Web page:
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Rain Garden Research of EPA's Urban Watershed Research Facility (Poster)
STANDER, E., M. BORST, T. O'CONNOR, AND A. Rowe. Rain Garden Research of EPA's Urban Watershed Research Facility (Poster). Presented at Denitrification Research Coordination Network Workshop: Managing Denitrification in Human Dominated Landscapes, Narragansett, RI, May 12 - 14, 2009.
To inform the public
Rain gardens are vegetated depressions designed to capture and infiltrate stormwater runoff from impervious surfaces such as roofs, parking lots, and roads. The potential benefits compared to traditional curb and gutter drainage systems include peak flow attenuation in receiving waters, increased groundwater recharge, stream baseflow maintenance, and filtration and transformation of environmental stressors, such as heavy metals and nutrients, commonly found in runoff. These structures are quickly gaining popularity as green infrastructure components of low impact development planning. Background Few studies have quantified the ability of rain gardens to effectively manage chemical stressors. These studies indicate that the gardens function well in removing heavy metals and phosphorus, but the results for nitrogen have been mixed (Davis 2007). A nitrogen species of particular interest is nitrate, which is known to contribute to algal blooms and hypoxia in receiving waters. Current rain garden design, which typically includes rapidly draining sandy soils with low levels of organic matter, is not conducive to nitrate removal through denitrification. Compost is often mixed in with the sandy media to increase adsorption of heavy metals and phosphorus and increase organic matter content, but without the proper conditions for nitrate removal, compost may be a nitrate source in rain garden effluent. Alternative carbon sources should be considered. EPA’s rain garden research in Edison, NJ, studies enhancements of rain garden design to promote increased nitrate removal through denitrification and plant uptake while maintaining high levels of heavy metal and phosphorus removal.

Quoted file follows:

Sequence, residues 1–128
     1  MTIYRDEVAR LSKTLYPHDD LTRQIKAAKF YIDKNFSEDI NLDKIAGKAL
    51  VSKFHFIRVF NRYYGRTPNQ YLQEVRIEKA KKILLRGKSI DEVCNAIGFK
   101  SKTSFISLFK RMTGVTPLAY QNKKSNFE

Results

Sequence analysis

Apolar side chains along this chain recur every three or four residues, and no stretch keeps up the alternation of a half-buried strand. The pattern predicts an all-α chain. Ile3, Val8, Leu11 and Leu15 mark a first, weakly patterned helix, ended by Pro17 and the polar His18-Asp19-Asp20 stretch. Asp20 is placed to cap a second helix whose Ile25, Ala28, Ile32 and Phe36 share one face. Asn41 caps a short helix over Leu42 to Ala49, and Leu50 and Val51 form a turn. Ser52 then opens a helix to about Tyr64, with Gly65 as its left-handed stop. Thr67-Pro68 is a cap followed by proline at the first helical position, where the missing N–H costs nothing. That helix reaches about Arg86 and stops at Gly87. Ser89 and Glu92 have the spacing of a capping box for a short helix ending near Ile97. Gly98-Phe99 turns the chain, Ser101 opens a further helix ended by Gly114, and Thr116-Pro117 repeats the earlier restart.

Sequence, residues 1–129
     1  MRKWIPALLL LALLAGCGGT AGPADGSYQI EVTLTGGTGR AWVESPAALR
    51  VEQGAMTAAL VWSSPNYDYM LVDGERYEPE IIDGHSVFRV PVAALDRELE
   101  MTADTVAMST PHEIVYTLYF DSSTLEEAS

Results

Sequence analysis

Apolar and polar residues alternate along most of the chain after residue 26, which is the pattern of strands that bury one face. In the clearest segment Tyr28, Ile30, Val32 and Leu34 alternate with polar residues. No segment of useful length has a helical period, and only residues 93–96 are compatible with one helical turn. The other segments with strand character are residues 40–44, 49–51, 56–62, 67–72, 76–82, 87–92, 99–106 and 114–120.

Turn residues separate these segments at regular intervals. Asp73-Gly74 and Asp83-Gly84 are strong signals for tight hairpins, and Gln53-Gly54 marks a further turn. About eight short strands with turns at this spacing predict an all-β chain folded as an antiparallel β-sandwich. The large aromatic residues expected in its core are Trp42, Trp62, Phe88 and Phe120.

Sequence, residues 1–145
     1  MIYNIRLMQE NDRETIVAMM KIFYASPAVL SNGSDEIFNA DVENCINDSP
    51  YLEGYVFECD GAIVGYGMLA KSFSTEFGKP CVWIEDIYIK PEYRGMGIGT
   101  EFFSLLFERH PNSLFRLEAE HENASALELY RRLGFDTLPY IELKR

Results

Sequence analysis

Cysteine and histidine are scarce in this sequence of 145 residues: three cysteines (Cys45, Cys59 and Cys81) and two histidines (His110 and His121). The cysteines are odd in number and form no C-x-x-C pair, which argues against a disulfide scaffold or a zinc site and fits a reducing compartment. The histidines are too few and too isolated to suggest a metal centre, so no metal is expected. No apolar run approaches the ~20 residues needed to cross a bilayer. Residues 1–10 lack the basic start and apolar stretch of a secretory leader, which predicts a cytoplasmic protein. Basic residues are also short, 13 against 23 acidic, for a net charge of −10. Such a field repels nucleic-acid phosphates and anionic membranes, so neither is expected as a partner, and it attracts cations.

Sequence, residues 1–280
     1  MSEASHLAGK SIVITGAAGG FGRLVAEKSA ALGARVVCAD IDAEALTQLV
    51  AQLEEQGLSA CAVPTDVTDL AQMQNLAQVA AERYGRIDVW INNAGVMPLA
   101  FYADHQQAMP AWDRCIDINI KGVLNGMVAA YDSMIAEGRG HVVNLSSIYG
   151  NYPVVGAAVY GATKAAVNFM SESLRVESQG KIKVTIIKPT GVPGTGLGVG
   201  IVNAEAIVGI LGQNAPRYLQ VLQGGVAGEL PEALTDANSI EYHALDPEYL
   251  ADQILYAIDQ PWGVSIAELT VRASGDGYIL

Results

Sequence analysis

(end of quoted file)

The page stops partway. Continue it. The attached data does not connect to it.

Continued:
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Rain Garden Research of EPA's Urban Watershed Research Facility Exit
Record Details:Record Type: DOCUMENT (PRESENTATION/POSTER)
Organization:U.S. ENVIRONMENTAL PROTECTION AGENCY
OFFICE OF RESEARCH AND DEVELOPMENT
NATIONAL RISK MANAGEMENT RESEARCH LABORATORY
WATER SUPPLY AND WATER RESOURCES DIVISION
URBAN WATERSHED MANAGEMENT BRANCH